The Centre on Monday said that a copy of Jinnah’s will was available on the Pakistan government website as an official document. Jinnah’s will has become a matter of contention between the ongoing dispute between daughter Dina Wadia and the Centre, over the ownership of Jinnah House, a sprawling 10,000 sqm property built in 1917.
Wadia’s counsels argued that in the absence of the will, Wadia would have the right to the bungalow.
Meanwhile, there is a new claimant — Jinnah’s nephew — to the property. Mohammed Ibrahim, son of Jinnah’s younger sister Shirin on Monday claimed right in the Bombay High Court. Ibrahim claimed that the bungalow was bequeathed to his aunt Fatima Jinnah and that he was her legal heir.
On Monday, Wadia’s counsels Fali Nariman and Darius Khambatta questioned the very existence of Jinnah’s will, based on which the Centre was claiming title over the bungalow.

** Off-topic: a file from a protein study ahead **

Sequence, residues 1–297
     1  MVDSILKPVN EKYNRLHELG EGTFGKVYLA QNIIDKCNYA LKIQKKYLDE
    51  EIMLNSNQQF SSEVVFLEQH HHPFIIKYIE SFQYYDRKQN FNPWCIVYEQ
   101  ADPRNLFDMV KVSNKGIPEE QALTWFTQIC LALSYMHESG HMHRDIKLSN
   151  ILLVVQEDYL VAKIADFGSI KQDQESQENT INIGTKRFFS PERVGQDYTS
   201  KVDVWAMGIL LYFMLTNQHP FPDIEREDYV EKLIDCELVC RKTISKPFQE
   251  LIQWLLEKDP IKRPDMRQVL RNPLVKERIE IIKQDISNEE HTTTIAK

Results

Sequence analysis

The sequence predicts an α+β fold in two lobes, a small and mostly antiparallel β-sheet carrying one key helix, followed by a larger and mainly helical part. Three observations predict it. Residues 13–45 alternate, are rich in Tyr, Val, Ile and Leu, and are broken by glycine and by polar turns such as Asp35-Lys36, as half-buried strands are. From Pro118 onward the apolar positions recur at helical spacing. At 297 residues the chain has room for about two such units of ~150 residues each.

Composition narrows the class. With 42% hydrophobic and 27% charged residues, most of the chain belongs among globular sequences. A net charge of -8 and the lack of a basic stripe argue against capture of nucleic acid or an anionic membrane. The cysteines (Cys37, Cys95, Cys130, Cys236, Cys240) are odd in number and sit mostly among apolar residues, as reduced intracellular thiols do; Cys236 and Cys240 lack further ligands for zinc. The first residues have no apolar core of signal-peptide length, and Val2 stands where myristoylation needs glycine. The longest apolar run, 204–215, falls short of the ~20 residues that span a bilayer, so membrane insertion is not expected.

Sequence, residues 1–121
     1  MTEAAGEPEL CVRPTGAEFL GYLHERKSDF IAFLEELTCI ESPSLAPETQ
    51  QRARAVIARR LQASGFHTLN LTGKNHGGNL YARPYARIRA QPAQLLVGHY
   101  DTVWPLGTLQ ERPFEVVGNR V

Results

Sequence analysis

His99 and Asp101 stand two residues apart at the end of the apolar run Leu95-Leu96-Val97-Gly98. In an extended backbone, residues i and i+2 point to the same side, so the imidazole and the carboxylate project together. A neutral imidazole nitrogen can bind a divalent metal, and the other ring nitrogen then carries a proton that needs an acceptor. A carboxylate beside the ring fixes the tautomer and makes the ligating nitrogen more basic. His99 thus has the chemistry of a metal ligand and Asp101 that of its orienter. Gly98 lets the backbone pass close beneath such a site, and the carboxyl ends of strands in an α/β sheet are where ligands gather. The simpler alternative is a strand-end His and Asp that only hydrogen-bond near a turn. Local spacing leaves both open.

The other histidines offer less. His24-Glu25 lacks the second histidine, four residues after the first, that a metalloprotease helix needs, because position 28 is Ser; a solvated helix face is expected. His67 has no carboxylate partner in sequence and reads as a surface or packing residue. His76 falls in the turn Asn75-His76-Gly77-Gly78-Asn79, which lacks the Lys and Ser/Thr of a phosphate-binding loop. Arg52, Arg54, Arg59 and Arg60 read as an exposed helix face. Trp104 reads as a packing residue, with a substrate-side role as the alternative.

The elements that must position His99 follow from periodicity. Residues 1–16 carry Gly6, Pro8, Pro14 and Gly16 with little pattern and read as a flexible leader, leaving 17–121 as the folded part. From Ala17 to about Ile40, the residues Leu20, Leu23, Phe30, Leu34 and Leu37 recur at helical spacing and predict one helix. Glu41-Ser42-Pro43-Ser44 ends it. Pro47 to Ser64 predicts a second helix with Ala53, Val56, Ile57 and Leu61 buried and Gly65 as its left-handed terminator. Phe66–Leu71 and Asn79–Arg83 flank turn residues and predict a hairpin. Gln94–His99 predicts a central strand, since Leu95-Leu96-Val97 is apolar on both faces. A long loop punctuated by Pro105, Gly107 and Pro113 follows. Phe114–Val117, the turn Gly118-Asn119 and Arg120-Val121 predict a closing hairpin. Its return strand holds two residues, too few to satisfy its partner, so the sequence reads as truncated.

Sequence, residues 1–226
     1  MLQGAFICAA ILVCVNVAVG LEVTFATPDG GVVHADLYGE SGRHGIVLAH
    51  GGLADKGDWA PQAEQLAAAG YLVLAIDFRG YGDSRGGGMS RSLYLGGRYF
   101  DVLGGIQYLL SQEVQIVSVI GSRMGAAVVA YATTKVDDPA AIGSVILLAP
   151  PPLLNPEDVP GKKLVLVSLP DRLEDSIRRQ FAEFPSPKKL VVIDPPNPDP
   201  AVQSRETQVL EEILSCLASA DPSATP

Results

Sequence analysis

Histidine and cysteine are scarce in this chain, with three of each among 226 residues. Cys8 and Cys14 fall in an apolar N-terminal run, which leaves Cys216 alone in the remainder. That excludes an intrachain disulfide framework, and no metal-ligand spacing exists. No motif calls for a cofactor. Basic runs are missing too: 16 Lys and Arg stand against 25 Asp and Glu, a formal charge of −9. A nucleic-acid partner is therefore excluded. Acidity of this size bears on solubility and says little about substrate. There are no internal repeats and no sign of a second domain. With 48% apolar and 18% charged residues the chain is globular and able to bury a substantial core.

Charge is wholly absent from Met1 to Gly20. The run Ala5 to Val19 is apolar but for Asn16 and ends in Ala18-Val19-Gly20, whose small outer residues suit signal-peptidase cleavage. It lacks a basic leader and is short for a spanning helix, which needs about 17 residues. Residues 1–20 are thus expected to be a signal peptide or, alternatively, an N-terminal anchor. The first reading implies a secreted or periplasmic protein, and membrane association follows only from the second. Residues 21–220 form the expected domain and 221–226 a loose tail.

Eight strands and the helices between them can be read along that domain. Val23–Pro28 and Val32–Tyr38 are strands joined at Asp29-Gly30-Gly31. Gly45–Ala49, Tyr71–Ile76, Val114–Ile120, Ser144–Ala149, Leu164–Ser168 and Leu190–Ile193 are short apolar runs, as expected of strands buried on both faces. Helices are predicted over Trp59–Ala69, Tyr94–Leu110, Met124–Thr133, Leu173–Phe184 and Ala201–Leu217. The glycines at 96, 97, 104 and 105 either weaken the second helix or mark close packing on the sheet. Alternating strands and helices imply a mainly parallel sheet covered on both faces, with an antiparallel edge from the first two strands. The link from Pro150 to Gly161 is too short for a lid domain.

“Despite our repeated requests the copy of the will is not forthcoming. If the very basis of the Union Government claim over the property is the will and they are relying on it, then I am entitled to see the will,” they argued.
In July 2007, Wadia had filed a second petition in court seeking claim over her ancestral property. She alleged that the central government’s move to take over the property was illegal. According to Dina, Jinnah’s will was never probated and hence it had no legal standing.